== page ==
Here at Chez Pipe de la Carbon we don't know much about art, but we know what we like. And we like this; it's the work of Antoine Stemerding who is an artist living in the south of the Netherlands. His day job involves building weird and wonderful sculptures, most of the time out of metal. So when he came across a 1965 BSA for sale he decided to turn it into a hardtail. "I fabricated the hard tail frame myself" Antoine says. "That wasn't a big issue, because I work a lot with metal when I make my art. There aren't alot of chopped BSA's in the Netherlands but now and then one pops up."
Entries in Bobber (21)
Kim Scholer's Nimbus Bobber is one striking bike. When he's not riding it around Japan, you can find him cruising the roads of Denmark. We asked him a few questions about this interesting build.
What kind of motorcycle is a Nimbus?
It's the only Danish bike produced in large numbers, and it was used for just about everything. 750 cc ohc straight four engine, 22 bhp, shaft drive, steel strip frame riveted together. They built 12,000 of them from 1934 through 1959, with only few changes. This is good for the spares situation, so an estimated 8,000 have survived. The papers for this one says 1950, but there are bits and pieces from many other years.
OK, this is getting a little silly. Bob Maddox, possible lunatic and the world's pre-eminent expert on pulsejets, has just finished his latest creation. Not content with his pulsejet boardtracker we featured previously on Pipeburn, he's gone and mounted a monster pulsejet with a split exhaust onto a bike he's calling the Harley Davidson Sportjet. Apart from a Harley-ish tank design I'm not quite sure what it has to do with Milwaukee, though it would seem about as safe as your average Harley and probably has the handling to match.
This is a story about a young man named Cassio Silva who fell in love with a bobber sitting outside a tattoo shop in Texas. "That same day I went home and spent hours researching how to build one for myself" recalls Cassio. You see, this 20 year old had never even ridden a motorcycle, let alone tried to build one. "I’ve been building and modifying cars for years and knew i had the skills to take on the project" he says. After finding a suitable XS650, Cassio took the bike home and within days it was cut in half in his garage.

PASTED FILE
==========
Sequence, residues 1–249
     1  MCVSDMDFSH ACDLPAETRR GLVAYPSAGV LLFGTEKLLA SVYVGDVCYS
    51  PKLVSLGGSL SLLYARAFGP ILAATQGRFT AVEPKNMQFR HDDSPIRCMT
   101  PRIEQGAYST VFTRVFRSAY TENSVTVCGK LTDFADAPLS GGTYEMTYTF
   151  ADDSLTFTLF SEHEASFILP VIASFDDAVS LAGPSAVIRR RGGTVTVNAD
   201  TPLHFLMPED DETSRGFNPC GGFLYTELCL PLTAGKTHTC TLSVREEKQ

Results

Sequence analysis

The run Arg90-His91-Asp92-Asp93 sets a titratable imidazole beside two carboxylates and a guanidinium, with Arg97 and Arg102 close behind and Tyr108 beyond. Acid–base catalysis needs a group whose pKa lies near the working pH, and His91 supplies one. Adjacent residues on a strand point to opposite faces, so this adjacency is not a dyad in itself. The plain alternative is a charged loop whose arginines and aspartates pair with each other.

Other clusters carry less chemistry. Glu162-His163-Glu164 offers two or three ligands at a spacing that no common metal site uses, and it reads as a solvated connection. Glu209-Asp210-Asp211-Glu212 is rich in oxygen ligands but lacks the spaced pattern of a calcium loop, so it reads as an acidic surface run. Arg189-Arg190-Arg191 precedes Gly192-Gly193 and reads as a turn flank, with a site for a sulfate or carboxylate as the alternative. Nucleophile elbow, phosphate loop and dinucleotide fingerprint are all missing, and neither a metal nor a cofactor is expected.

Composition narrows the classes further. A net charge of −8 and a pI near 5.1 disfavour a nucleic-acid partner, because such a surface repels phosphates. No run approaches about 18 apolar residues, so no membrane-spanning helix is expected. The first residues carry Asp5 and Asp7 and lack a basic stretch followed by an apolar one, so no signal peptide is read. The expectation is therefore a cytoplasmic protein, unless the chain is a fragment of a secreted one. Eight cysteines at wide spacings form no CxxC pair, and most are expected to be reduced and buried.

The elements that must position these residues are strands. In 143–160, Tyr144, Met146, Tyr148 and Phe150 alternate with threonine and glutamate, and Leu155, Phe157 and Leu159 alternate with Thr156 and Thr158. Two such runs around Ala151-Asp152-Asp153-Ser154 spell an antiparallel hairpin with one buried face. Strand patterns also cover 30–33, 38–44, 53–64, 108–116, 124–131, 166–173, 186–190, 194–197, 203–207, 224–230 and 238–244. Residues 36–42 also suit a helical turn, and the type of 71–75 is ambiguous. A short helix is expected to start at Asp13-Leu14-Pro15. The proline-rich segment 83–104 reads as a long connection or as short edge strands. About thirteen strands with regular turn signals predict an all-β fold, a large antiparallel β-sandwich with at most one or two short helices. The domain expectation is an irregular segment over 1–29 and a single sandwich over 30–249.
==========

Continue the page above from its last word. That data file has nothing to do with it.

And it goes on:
The entire bike was built on a tight budget, not because Cassio wanted it to be cheap but to show that this can be done by anyone, with any budget, and almost any experience. The hardtail is a pre made unit made by TC Bros. "It stretched the bike 3 inches, making it very comfortable for my 6'3" body" he says. "The bike originally came with a 16in wheel that i swapped for a 18in from an older japanese bike. Wheels were wrapped in 450 rear and 400 front Firestone replicas. The velocity stacks were a NOS part off ebay and really one of my favorite things on the bike. The seat is a West Eagle and uncovered, keeping with the raw theme. The lights were ebay items that I then took apart for some paint. The rear fender is the stock front one that i cut up to save some coin. The entire bike was painted with rattle cans."
After working hard on the build for a month, the bike was almost ready to hit the road. There was one small problem though, Cassio didn't know how to ride it. So in the same week he finished the bike, he took a motorcycle class and got his license – talk about a 'crash course' in motorcycles.
Updated on Wednesday, October 13, 2010 by Andrew
After the first Imaginary Garage got such a good response, I thought I'd give it another go. For the record, I really love doing this kind of photoshopping. It's like building your dream bike without getting your hands dirty, or spending any money. Perfect for a big girl's blouse like me, so expect lots more.
This time I've chosen a 2010 Kawasaki Z1000. Why, you ask? Well, firstly because I think they are a great bike and a real step in the right direction for the company after a few years of some not-so-great nakeds. Secondly, when I saw the official photos from Kawasaki showing the black version of the bike in skeleton mode I honestly thought "wow". It looked way cool. Afterwards I couldn't get that image out of my head. It reminded me of the Confederate Fighter - more like a bike designed by machines than humans.
Then the other day I looked up the image again and had the proverbial light-bulb-above-the-head moment. I realised it looked like a bobber. Bingo:
So what makes a bobber? By definition, it's a bike with "the rear fender ‘bobbed’ or made smaller and all superfluous items removed to make it lighter." Guess we've got the "superfluous items removed" part covered, so let's add a fender and a seat to start with. I thought about how the fender would look for quite a while, and tried the classic curved style. It didn't work, of course. The styles were too different. 60's hot rod just doesn't go that well with 21st century Japanese tech, at least not on this bike. It needed to be more like the original design.